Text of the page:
Techpreneur and Green Packet Bhd founder Puan Chan Cheong had once pinned high hopes on G3 Global Bhd, expecting the Internet of Things (IoT) solution provider to turn around within a short period of time.
Because of the bright prospects seen in G3 Global, Green Packet emerged as a substantial shareholder of G3 in August 2016.
However, five years later, Green Packet is exiting G3, with plans to sell up to a 24.81% stake in the latter to Puan at 15 sen per share. In March, Green Packet sold a 4.24% stake in G3 for 16.16 sen apiece.
Green Packet even warned that G3’s share price may further trend downwards due to market uncertainty and volatility. Has Green Packet’s investment in G3 proven to be unproductive although a one-off gain of up to RM52.2 million will be realised? If not, why the disposal to Puan?
Formerly known as GA Blue International Bhd and Yen Global, G3 has not been able to turn around after it slipped into the red in 2014.
The timing of the stake disposal is a bit tricky, as Green Packet would have raked in higher gains from G3 if the disposal had taken place late last year, when its share price spiked to over RM3 before the three-for-one bonus issue this year.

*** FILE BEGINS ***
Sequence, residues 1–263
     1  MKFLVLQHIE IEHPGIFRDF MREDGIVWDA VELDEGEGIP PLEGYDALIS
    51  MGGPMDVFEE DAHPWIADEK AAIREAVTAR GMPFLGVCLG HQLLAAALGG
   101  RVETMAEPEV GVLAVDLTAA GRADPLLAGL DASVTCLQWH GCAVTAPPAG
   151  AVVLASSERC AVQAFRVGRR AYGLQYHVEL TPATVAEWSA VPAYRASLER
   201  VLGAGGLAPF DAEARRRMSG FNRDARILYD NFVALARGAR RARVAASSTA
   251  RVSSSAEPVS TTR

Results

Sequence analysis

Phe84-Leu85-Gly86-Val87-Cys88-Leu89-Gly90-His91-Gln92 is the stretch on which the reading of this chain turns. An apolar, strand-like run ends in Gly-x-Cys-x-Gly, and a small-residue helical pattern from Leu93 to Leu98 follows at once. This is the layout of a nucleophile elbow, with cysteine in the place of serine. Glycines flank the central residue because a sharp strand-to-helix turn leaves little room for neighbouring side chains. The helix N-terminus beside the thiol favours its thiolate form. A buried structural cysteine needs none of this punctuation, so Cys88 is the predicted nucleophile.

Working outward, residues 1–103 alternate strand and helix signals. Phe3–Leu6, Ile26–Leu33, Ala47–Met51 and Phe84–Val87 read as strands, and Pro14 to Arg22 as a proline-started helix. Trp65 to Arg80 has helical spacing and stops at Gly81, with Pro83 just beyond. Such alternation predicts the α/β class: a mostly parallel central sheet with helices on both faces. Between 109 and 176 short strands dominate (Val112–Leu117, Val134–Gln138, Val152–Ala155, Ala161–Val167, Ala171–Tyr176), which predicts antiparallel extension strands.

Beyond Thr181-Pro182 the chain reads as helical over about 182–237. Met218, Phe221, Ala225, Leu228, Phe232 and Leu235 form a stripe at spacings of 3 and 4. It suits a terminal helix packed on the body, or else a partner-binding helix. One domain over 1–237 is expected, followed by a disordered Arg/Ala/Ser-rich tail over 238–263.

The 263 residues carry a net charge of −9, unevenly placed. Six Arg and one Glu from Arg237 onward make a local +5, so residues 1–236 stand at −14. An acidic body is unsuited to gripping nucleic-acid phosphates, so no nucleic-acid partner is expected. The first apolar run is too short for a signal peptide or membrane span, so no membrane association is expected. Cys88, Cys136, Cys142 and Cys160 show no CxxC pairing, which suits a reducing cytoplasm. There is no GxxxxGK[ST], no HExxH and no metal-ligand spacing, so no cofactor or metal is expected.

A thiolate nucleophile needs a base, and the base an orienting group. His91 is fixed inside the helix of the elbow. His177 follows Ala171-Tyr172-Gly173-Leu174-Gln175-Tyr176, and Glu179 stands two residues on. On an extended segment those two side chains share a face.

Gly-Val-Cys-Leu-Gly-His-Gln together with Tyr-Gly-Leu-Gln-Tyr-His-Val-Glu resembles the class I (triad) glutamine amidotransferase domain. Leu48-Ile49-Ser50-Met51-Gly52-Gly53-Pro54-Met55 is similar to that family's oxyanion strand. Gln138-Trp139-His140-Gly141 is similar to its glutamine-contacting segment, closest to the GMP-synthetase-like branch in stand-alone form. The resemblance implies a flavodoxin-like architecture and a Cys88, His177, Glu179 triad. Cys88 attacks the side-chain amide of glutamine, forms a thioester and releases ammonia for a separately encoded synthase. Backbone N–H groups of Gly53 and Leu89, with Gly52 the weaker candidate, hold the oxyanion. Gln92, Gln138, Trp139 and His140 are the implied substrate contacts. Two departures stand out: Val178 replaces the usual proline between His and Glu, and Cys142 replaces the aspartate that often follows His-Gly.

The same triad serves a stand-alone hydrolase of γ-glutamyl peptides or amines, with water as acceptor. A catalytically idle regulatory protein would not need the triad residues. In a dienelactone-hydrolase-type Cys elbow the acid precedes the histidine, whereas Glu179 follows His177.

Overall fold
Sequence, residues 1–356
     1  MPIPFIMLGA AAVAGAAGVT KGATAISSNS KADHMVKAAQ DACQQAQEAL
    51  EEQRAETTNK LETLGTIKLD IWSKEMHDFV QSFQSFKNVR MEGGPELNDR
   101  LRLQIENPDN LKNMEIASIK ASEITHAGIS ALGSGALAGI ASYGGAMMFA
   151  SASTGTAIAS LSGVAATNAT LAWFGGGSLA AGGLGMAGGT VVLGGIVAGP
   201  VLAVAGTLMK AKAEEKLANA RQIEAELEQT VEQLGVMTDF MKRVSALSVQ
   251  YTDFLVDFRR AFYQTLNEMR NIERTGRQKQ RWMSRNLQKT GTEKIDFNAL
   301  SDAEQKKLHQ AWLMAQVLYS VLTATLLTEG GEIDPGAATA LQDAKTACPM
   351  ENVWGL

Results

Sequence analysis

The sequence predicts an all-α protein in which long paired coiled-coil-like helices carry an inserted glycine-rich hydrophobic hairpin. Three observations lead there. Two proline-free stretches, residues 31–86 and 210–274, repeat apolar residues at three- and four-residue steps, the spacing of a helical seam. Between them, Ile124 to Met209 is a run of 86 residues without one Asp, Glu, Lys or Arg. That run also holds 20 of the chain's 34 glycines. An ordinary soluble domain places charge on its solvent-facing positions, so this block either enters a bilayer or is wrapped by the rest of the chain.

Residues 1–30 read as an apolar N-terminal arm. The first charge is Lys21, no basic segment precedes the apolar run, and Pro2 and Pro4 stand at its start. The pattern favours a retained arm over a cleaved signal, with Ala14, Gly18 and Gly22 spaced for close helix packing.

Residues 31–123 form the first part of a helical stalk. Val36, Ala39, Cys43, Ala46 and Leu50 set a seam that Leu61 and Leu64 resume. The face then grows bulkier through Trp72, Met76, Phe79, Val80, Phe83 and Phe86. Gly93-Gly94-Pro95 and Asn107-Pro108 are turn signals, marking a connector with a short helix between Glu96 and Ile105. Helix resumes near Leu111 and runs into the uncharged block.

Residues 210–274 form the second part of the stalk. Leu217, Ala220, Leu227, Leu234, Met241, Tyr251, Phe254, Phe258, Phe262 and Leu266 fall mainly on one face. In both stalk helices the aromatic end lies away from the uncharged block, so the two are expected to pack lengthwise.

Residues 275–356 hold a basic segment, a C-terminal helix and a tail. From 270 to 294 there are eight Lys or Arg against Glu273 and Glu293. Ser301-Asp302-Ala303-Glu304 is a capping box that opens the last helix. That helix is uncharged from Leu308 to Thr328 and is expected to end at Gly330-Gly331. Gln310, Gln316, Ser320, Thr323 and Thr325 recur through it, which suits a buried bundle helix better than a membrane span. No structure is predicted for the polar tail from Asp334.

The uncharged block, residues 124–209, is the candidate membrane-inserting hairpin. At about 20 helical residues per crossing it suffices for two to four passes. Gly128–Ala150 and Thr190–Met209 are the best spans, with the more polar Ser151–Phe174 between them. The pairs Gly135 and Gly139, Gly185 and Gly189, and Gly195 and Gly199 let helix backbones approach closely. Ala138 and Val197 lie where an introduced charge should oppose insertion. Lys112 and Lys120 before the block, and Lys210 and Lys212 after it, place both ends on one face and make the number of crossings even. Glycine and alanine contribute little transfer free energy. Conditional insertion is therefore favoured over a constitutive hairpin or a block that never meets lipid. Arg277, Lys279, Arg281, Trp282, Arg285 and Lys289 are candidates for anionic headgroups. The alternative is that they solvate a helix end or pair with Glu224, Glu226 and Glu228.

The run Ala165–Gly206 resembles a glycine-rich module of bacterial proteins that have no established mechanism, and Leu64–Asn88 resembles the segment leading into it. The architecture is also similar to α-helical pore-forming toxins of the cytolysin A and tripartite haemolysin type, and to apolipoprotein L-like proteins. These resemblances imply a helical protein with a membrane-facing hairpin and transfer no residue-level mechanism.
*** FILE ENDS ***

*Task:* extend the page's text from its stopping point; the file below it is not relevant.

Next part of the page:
For Green Packet, its business ventures have always failed to keep up with the momentum of its shares. After the launch of its KippleLive proptech application, its share price surged to a high of RM1.65 in May 2020, but since then, it has been declining to close at 24 sen last Friday.
Green Packet, which started its venture in solutions, communications and digital services, including financial technology and IoT in 2017, recorded net losses in the past four years.
It remains to be seen if its e-wallet business and payment gateway solutions unit Kiplepay Sdn Bhd can help the company return to the black.
Right now, it is diversifying into investments and money lending in order to grow its revenue stream and reduce reliance on its existing businesses.
Can Green Packet deliver on its promises to create higher value for its shareholders?